Botanical: Syringa spp. (the common species is vulgaris)
Family: Oleaceae
Parts Used: leaves, fruit
Actions: astringent, febrifuge, tonic, vermifuge

Using Lilac

Culinary Uses for Lilac

lilac bush

Discussing Lilac’s quality, Anna Bradley[1] has this to say…

An aromatic action causes irritation to the place that it is touching (think GI tract) and irritation brings blood flow and blood flow equals healing! Eating the flowers raw may help with gastric issues such as flatulence or constipation. Making an herbal infused oil may be a great way to capture the aromatics
for healing purposes and to make your own fragrance oil.

Lilac Syrup Recipe
Lilac Syrup turned out to be an excellent and delicious sweet treat. Pour over pancakes, add as a liquor base, or a nonalcoholic lemonade base. I froze the extra syrup in mason jars to keep year round.

Here is a recipe for a simple syrup I found on a blog called Holly and Flora (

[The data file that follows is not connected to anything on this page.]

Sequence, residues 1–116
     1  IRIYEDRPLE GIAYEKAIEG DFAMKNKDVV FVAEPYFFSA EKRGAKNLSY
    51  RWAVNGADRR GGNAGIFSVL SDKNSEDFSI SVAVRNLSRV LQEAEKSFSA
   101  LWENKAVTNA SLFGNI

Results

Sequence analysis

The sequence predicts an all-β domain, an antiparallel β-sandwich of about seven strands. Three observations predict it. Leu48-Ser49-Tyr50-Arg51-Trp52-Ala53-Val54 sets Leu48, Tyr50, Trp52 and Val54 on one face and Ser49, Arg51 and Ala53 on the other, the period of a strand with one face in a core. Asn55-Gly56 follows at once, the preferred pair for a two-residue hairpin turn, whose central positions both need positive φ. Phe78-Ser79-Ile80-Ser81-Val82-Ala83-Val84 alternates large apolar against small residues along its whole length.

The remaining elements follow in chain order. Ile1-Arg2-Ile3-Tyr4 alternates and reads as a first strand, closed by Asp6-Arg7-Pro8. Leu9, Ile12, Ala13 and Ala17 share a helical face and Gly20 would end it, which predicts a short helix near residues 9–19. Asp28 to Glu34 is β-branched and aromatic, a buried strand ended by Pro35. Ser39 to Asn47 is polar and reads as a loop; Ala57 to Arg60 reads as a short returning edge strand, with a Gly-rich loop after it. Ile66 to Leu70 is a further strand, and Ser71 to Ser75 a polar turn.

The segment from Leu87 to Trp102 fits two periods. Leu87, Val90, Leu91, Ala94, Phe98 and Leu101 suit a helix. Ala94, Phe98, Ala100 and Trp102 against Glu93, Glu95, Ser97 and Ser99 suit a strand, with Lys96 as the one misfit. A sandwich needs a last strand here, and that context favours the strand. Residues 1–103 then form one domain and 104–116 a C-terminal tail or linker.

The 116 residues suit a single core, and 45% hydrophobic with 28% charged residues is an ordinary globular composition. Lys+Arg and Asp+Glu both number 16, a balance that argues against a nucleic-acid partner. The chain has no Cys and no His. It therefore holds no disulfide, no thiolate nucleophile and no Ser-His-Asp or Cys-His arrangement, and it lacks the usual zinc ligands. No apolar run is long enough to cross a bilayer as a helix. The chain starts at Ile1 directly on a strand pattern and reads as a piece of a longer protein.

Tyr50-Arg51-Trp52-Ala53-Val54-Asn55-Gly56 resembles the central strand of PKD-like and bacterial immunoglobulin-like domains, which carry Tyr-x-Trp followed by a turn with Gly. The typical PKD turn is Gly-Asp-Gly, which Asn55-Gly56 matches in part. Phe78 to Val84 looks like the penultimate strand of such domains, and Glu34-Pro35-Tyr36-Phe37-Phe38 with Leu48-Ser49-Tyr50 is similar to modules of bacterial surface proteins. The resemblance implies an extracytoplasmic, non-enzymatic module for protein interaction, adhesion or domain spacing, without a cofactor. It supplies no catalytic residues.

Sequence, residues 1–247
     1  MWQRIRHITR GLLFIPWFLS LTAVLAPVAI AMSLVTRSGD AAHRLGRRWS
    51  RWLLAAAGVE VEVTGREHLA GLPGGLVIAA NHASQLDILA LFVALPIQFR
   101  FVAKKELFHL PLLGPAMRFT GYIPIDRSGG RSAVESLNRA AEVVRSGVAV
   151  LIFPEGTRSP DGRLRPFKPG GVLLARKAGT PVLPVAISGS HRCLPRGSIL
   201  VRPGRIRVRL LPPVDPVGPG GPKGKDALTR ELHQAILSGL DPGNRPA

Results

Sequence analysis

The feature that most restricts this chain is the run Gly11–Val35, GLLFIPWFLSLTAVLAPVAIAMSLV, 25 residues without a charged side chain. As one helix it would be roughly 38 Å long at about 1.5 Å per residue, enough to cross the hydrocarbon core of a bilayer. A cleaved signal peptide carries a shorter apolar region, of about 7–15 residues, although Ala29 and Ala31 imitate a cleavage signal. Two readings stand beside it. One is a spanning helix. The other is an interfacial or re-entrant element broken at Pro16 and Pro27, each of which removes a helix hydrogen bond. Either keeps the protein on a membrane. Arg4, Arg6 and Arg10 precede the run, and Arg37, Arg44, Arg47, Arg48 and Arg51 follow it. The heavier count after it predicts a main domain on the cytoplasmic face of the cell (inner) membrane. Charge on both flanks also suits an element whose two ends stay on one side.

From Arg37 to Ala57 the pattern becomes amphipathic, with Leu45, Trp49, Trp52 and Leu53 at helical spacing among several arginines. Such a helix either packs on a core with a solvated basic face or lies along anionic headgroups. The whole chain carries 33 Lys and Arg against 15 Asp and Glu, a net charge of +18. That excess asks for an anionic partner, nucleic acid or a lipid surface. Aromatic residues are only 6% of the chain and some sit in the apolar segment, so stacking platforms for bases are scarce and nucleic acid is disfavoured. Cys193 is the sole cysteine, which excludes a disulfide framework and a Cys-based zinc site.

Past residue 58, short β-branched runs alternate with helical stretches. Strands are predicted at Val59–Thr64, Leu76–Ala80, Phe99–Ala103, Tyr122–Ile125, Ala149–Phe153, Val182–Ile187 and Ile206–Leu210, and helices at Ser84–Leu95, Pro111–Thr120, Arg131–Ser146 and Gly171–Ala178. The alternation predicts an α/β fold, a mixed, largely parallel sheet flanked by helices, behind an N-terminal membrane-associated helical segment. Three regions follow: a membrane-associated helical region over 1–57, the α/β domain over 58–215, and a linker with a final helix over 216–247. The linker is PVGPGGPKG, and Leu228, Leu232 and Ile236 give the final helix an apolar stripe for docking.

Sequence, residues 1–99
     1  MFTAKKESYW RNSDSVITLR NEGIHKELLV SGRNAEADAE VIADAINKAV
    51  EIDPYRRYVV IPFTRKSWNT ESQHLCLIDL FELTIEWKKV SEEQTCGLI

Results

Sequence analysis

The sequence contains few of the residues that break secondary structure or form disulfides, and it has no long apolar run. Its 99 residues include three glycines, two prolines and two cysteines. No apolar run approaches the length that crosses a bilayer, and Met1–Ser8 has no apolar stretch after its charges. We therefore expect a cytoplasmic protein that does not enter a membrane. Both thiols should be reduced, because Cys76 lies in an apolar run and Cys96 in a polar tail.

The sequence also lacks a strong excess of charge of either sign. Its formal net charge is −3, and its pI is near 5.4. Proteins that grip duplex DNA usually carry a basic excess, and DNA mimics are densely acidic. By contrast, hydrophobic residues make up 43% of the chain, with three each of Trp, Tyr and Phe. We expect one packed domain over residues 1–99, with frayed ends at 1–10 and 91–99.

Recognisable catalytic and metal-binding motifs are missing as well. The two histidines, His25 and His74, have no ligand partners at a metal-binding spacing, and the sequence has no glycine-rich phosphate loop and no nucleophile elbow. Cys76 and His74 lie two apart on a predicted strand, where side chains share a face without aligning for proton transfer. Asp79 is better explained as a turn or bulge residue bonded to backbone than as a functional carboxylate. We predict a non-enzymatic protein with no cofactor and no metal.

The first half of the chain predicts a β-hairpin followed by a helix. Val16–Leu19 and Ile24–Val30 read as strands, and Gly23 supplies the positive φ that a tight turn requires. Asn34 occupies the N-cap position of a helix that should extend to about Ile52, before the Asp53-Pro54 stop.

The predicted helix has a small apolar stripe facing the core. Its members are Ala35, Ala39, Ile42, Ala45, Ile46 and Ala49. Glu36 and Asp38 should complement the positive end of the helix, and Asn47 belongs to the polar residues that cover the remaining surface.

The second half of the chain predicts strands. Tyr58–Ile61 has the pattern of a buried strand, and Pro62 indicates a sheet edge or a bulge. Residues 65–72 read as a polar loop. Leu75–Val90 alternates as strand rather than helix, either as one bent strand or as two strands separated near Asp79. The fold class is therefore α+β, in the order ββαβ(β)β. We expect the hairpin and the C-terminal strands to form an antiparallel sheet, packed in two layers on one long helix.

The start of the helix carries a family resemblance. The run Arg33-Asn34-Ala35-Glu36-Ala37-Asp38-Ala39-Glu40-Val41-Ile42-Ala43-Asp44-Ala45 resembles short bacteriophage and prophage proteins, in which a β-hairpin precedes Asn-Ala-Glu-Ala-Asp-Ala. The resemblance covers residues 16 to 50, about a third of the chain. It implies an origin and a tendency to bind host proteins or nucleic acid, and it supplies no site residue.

• 1 cup water
  • 1 cup sugar
  • 1 cup lilac flowers, stems and green parts removed
  • 5-8 blueberries, for color
  • “…combine the water and sugar over medium heat on the stove. Heat until dissolved. Add the lilac flowers and simmer for 10 minutes. If you want a brightly hued syrup like mine, add about five blueberries. The color will pop and add a great dimension to your cocktails. Remove from heat, drain through a sieve, bottle, and store in the refrigerator.”


    • No known safety issues.

    In the dooryard fronting an old farm house near the white wash’d palings, stand the lilac bush tall growing with heart shaped leaves of rich green with many a pointed blossom rising delicate with the perfume strong I love, with every leaf a miracle and from this bush in the dooryard with delicate color’d blossoms and heart shaped leaves of green, a sprig with a flower, I break. ~ Walt Whitman


    1. Feralbotanicals. (2016) Lilac Flowers – an Edible and Medicinal Treat « Feral Botanicals – Herbs Gone Wild. Retrieved November 05, 2016, from

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